One minute you’re sitting on a plane eating complimentary nuts, the next you’re translating Maori words and abseiling down a steep mountain using a rather suspect rusty chain (and no harness). Time flies when when you’re thrown in at the deep end doesn’t it?

New Zealand has been my home for almost two months now and time has flown by in a haze of exploration, new faces, hiking up mountains, finding my feet at work and tasting as many New World wines as I can get my mits on. When in Rome.

My accent is quite the conversation starter. At the moment, it often instigates a bout of sporting banter for those kiwis engrossed in the world cup – ‘Ya Brits just don’t know what ya’r doing on the rugby pitch do ya?!’.‘No, it appears we don’t,’ I say, ‘But fear not. I am from Guernsey’. Such a great get out clause for the more-often-than not occasions when England falls short of the mark, eh?

Whenever someone from NZ makes me a cup of tea, they wait with baited breath for the nod of approval. I like this. We Brits don’t have the mighty All Blacks but we do have English Breakfast tea and I’ll take that – with a spoonful of sugar if I may.

I have found a temporary replacement for my two cats GiGi and Blossom. We’ve named him Sebby. He turned up at our door one day and adopted us it seems – not the other way around as is the way with felines. He’s a gorgeous brown, black and white tabby who demands strokes, frequent naps and snacks at all hours of the day and night. You’d think this was 1950 and I his ‘chained to the sink wife’. But he is so handsome; we let him get away with it – just.

I’m working for the Waikato Regional Council at the moment, in the communications department, and while it doesn’t have the same rush and buzz of the newsroom, I’m really enjoying the new experience. I’m currently co-ordinating 12 videos so it’s full on, but I am working with a whole range of people from biodiversity experts and coastal scientists to engineers and civil defence staff. I had to throw myself straight in. I found the job through a recruitment agency called ‘Asset’, and for anyone thinking of coming out to New Zealand on a working holiday, I would definitely recommend going down this route. It will save you traipsing around cities handing out CVs and probably mean you find you something that is better paid and more ‘up your street’.

A few weeks ago my fiancé David and I went up to Auckland for our five year anniversary to see Maroon 5. The last big concert I went to I was 12 – Justin Timberlake gliding his way across the Earls Court arena stage. So, as you can imagine, I was as excited as a kid on Christmas morning. When in Auckland, a trip up the Sky Tower (kind of like Auckland’s answer to The Shard) is a must. We went to the 53rd floor to have a drink in the Sugar Club. Sipping my cosmopolitan, looking out over the twinkling city skyline, things weren’t looking too shabby my friend.

In other news -I had my first earthquake drill the other day. Ducking under my desk, with the siren blaring, it definitely didn’t feel like your average Tuesday. After the earthquake in Christchurch in 2011, these kinds of drills are becoming more commonplace and given that Guernsey has experienced a few earthquakes recently, maybe it wouldn’t be such a bad idea to try on ‘the rock’?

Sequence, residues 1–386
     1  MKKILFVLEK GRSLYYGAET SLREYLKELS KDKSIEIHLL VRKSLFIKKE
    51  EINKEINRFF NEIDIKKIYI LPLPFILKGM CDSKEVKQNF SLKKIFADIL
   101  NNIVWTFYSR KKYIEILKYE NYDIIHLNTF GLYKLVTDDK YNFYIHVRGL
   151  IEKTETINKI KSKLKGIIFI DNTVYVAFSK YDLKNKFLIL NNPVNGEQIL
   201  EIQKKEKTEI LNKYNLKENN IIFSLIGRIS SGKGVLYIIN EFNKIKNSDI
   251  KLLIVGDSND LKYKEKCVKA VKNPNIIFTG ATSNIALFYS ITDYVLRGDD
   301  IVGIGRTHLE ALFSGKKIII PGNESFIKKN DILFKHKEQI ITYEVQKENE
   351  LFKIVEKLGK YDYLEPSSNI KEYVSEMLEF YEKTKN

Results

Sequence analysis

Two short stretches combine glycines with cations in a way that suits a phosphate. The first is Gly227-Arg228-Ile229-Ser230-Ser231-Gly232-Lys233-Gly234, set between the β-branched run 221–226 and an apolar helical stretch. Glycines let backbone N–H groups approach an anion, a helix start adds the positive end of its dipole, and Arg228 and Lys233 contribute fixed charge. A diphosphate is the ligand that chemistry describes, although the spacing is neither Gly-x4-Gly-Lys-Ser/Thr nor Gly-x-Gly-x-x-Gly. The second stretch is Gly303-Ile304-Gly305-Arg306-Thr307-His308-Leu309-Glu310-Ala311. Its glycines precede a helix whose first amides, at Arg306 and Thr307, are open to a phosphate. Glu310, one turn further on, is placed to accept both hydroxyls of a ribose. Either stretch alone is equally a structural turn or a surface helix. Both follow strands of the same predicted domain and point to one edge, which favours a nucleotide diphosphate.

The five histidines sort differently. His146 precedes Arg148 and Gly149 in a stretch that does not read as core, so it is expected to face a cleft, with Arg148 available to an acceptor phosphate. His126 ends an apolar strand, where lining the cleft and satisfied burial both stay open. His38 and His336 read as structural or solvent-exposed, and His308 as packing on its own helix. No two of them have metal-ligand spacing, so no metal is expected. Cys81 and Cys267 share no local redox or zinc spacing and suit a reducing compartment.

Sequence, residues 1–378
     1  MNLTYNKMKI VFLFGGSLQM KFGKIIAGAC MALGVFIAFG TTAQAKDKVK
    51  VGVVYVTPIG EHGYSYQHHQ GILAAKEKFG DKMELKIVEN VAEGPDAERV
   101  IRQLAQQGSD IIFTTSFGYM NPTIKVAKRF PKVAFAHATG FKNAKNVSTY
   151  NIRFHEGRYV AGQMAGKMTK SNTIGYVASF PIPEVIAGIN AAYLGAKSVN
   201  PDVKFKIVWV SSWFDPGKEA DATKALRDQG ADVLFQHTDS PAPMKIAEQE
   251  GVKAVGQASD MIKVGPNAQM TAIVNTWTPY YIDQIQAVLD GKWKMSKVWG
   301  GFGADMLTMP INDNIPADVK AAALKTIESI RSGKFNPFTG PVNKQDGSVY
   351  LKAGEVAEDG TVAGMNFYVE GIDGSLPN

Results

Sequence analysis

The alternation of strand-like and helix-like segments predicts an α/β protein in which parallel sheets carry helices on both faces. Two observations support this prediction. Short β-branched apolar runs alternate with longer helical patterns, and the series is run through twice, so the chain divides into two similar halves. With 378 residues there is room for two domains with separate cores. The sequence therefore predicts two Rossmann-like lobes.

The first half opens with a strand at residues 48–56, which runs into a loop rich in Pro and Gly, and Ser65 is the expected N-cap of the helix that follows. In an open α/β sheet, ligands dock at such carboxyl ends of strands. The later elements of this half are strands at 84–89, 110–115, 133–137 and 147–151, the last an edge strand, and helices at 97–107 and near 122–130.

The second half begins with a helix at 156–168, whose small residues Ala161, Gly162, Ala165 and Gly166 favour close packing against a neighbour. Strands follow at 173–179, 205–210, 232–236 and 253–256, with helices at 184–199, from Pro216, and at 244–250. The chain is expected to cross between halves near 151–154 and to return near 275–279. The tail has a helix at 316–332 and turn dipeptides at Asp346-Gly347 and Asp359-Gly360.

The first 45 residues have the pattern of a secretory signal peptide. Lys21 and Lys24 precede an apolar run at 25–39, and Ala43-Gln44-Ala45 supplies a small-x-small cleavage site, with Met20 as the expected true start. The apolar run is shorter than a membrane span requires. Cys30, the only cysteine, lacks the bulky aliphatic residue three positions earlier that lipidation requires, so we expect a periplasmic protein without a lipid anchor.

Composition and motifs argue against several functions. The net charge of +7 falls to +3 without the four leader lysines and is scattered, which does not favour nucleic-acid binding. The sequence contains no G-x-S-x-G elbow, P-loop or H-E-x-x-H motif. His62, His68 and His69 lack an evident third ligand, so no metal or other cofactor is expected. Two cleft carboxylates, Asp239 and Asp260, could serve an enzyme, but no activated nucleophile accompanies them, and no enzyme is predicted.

Speaking of life on the rock, while I loved the occasional meander to the Fairy Ring and out to Lihou, I’m really getting into hiking here – like serious hiking. Stereotypical expat in NZ? Probably. Maybe it’s ‘something in the water’, but if I’m not working (or drinking newly discovered wines), I’m planning our next excursion. Move aside Bear Grylls!

We recently climbed up the 1,500 steps at Hakarimata and my god, we nearly died. Dave’s muscles recovered fairly quickly, but I was left waddling like a penguin for the next week. I think my body needs time to catch up to my new found passion. Still, the view from the top was incredible. The horizon went on for miles and the green hills seemed to roll on into eternity.

Another recent excursion was Pirongia mountain with a group of Dave’s pilot friends. We knew it would be a challenge and we were game, but we were not expecting quite such a test. Think Duke of Edinburgh pain x 100. You know those chains I mentioned? Yeah… that’s where these come in. What started off as a slightly muddy track, quickly transformed into the wild version of ‘Tough Mudder’. I felt like a contestant on Takeshi’s Castle. We were traversing steep rocky passes, fighting our way through thick bush trails and climbing steep rock faces. The rusty chains were there to help us along but there was definitely no set path. Insert thumbs up sign.

Actually, it was bloody terrifying, but again, the view from the top was beautiful and as the philosopher John Muir famously said: ‘Break clear away once in a while and climb a mountain or spend a week in the woods. Wash your spirit clean’. We came back caked in mud, but our spirits were definitely a little fresher for our test in the wild.

Because after all, there’s plenty of time to relax when you’re old, relaxing on your porch and gazing at the stars.

For now, carpe diem. Until next time!


The Kiwi Bird

“Do not go where the path may lead, go instead where there is no path and leave a trail.” Ralph Waldo Emerson



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